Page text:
Let’s deal with a little bit of that. He analogy of the FedEx fast track vs. obedience is just not accurate and is a very poor depiction of Judaism vs. Christianity. Also Christ vs. obedience and the law is also not accurate. Christians being perfected Jews is close to the mark but could have been stated better. Certainly the Old Testament points to and is incomplete without the Messiah – Christ. But her view of the Jewish faith is all messed up. Obedience is not what kept people in relationship with God under the Old Testament. We can talk more about that if any of you like to. Her misconception, which is a common one, throws a monkey wrench into what she is trying to say.

    His response is predictable – “Don’t you see how hateful and anti-semitic that is?” To some what she said would come away sounding that way. Why? Because she got it all wrong? No. Because she got some of it right but her attitude and tone did not line up with what she was trying to say. Ann is under attack a lot and so I don’t blame her for being so loud and defensive. I probably would be too if I were in her shoes. That tactic certainly didn’t come across very well in this instance.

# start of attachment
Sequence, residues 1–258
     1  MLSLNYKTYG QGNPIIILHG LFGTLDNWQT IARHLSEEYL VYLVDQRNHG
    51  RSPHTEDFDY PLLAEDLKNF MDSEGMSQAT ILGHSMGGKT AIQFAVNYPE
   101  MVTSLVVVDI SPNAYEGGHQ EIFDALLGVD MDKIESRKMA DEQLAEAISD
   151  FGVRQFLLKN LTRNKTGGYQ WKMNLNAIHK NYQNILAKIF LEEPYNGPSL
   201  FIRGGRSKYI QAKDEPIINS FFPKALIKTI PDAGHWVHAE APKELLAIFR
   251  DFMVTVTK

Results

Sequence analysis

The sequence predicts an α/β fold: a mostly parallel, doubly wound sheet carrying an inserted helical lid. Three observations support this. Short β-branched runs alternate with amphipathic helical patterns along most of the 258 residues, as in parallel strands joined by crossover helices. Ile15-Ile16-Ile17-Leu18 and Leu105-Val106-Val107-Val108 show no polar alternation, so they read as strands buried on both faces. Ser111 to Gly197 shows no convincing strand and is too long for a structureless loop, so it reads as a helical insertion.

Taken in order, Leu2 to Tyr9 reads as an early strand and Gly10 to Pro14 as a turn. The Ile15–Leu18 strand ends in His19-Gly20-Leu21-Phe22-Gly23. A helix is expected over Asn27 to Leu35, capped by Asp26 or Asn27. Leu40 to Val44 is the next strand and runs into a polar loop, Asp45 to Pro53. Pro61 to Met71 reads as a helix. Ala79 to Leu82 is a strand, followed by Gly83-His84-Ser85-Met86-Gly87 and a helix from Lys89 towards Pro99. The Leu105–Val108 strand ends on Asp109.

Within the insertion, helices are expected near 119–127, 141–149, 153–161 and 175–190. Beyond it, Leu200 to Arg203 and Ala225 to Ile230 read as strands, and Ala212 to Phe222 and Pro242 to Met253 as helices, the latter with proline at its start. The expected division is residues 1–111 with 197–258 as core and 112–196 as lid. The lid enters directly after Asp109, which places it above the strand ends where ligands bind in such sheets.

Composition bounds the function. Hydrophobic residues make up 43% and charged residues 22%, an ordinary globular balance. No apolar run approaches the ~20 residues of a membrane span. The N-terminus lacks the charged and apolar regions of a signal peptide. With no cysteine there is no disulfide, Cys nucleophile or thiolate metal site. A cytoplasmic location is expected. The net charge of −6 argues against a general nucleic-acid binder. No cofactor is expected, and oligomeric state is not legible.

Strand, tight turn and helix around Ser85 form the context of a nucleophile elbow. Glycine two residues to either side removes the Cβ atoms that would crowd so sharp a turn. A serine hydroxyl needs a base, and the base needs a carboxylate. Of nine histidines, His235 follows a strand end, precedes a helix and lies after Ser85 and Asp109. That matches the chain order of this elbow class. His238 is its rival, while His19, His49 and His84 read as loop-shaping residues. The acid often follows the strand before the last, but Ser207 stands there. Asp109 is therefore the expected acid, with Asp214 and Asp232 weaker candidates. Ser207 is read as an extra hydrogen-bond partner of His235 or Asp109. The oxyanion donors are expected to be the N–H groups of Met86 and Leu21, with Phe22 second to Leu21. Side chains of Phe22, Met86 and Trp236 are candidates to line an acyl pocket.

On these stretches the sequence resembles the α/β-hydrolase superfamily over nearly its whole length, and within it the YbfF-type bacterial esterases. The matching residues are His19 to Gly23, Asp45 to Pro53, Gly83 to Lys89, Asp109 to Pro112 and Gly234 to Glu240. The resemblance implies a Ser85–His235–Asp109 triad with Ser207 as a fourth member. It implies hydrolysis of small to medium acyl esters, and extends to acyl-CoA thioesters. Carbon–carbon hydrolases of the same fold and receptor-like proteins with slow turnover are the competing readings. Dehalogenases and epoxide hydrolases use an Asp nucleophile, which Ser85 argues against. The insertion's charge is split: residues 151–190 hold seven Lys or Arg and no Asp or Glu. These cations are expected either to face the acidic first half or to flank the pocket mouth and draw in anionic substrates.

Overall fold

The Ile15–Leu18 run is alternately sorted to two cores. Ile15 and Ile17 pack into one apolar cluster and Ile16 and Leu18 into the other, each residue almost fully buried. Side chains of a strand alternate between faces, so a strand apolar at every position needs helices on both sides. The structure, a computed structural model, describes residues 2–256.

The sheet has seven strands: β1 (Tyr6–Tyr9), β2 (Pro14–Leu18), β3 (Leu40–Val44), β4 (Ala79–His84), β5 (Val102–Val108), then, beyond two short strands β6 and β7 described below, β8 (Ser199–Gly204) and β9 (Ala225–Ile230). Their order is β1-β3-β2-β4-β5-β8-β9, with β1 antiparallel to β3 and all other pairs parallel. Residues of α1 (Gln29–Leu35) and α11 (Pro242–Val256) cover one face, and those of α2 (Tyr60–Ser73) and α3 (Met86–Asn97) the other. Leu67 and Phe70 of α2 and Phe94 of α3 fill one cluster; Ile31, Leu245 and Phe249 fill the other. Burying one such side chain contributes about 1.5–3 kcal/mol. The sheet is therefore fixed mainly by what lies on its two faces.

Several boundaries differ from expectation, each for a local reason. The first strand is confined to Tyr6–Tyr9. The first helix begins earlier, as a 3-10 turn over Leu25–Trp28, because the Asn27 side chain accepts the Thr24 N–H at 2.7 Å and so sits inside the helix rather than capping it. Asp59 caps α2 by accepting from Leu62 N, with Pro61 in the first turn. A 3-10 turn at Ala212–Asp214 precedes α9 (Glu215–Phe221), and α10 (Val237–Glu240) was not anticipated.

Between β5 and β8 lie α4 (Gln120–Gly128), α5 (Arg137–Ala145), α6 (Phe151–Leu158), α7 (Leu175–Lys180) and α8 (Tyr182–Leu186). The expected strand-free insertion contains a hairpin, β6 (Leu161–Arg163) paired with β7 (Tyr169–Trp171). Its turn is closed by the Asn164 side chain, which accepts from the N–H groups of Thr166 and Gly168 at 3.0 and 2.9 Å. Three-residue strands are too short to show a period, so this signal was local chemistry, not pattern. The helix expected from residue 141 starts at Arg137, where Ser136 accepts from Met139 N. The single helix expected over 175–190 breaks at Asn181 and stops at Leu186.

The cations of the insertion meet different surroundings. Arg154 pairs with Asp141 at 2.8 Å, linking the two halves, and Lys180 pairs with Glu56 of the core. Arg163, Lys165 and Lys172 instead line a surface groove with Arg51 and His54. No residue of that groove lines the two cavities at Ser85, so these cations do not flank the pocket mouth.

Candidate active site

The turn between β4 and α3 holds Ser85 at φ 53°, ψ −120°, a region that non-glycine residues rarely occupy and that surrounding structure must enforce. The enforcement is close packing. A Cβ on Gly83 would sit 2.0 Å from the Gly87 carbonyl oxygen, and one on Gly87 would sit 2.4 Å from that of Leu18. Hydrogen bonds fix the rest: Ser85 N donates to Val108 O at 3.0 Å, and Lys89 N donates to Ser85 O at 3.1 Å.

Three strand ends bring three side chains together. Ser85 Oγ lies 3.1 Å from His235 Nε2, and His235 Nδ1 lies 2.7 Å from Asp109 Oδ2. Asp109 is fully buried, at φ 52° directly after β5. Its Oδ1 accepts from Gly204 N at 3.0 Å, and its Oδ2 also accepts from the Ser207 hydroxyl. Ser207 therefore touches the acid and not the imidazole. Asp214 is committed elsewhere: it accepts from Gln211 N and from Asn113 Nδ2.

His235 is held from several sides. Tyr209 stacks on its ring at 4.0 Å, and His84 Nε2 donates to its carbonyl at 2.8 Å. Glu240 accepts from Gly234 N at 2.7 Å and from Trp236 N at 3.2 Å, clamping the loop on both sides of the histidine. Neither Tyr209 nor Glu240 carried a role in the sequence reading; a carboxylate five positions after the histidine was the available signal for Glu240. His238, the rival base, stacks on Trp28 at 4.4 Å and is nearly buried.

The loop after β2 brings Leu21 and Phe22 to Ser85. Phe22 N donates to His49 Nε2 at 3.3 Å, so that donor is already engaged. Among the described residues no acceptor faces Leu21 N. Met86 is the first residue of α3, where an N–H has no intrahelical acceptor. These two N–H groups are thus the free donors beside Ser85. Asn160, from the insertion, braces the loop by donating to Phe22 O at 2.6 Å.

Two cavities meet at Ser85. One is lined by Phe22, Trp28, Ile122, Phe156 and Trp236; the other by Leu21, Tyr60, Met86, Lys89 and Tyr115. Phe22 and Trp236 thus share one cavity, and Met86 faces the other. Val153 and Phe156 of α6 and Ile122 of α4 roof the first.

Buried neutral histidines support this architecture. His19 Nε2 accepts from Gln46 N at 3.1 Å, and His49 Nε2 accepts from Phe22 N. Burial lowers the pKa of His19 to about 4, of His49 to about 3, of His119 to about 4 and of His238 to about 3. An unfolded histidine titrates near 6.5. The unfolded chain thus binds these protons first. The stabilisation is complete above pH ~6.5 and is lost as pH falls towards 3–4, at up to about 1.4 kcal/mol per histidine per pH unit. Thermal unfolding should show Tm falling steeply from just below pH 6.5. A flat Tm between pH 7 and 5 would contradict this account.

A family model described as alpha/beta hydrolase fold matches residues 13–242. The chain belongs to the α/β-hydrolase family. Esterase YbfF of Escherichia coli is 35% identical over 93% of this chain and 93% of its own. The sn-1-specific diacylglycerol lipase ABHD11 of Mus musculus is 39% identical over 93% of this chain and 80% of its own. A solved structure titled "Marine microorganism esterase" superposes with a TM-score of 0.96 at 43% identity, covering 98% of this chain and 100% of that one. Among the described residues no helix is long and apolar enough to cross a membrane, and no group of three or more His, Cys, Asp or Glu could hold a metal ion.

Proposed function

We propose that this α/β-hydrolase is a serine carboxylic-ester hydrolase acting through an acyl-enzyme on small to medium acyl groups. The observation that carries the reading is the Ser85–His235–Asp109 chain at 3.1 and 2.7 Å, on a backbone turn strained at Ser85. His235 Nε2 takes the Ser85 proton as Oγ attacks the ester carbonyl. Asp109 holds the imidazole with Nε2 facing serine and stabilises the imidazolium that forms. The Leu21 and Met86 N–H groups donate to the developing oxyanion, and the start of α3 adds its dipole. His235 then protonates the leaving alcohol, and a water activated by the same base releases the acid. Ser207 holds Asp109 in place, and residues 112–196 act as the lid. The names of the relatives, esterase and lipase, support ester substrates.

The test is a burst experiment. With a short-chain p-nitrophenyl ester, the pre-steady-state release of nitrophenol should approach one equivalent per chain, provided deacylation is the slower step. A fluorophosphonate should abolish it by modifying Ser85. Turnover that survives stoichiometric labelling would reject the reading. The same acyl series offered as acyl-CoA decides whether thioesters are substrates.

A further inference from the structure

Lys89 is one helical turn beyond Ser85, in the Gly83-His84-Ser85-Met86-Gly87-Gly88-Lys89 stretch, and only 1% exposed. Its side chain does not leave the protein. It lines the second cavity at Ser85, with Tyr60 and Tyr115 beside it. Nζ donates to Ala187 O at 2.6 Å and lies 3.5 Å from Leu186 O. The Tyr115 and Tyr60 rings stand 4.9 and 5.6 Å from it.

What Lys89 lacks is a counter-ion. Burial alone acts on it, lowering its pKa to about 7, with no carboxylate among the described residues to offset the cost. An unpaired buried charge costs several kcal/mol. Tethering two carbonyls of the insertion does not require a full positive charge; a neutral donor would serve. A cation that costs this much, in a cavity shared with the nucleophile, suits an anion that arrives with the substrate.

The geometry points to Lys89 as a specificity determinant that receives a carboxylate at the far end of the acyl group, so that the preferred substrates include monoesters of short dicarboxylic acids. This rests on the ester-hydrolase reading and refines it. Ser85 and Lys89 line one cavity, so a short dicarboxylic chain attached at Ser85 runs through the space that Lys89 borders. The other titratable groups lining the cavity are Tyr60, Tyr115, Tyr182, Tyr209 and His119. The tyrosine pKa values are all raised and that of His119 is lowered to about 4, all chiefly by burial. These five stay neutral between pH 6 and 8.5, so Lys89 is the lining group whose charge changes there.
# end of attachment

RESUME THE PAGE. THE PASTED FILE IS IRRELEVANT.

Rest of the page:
This Ann example is a perfect parallel to why I don’t talk politics very much here or respond on political blogs very much. I know I won’t come across well because I have just enough knowledge to get myself in trouble and say something I didn’t mean. I am proud of Ann for sticking up for Christianity. It was bold and we need more of that. We just need some bold people who are better informed on these issues and who approach the other side with a Christian attitude. That way we can come to the debate and speak intelligently on these issues.

    Let me conclude by saying that he did push her buttons. He did miss what she was saying and heard what he wanted to hear her say. Ann did get railroaded on this. I just don’t think that would have happened if she had approached it differently. Maybe that opinion gives her interviewer too much credit because he probably would have viewed her negatively no matter what she said.

  5. odgie says:

    I find it hard to take her serious on anything. At my most cynical level, I wonder if she does not realize how outrageous a lot of her statements are. The more outrageous she gets, the more attention she gets, the more her books sell. And she is laughing all the way to the bank. Of course, I freely admit that I don’t know her and this is speculation on my part.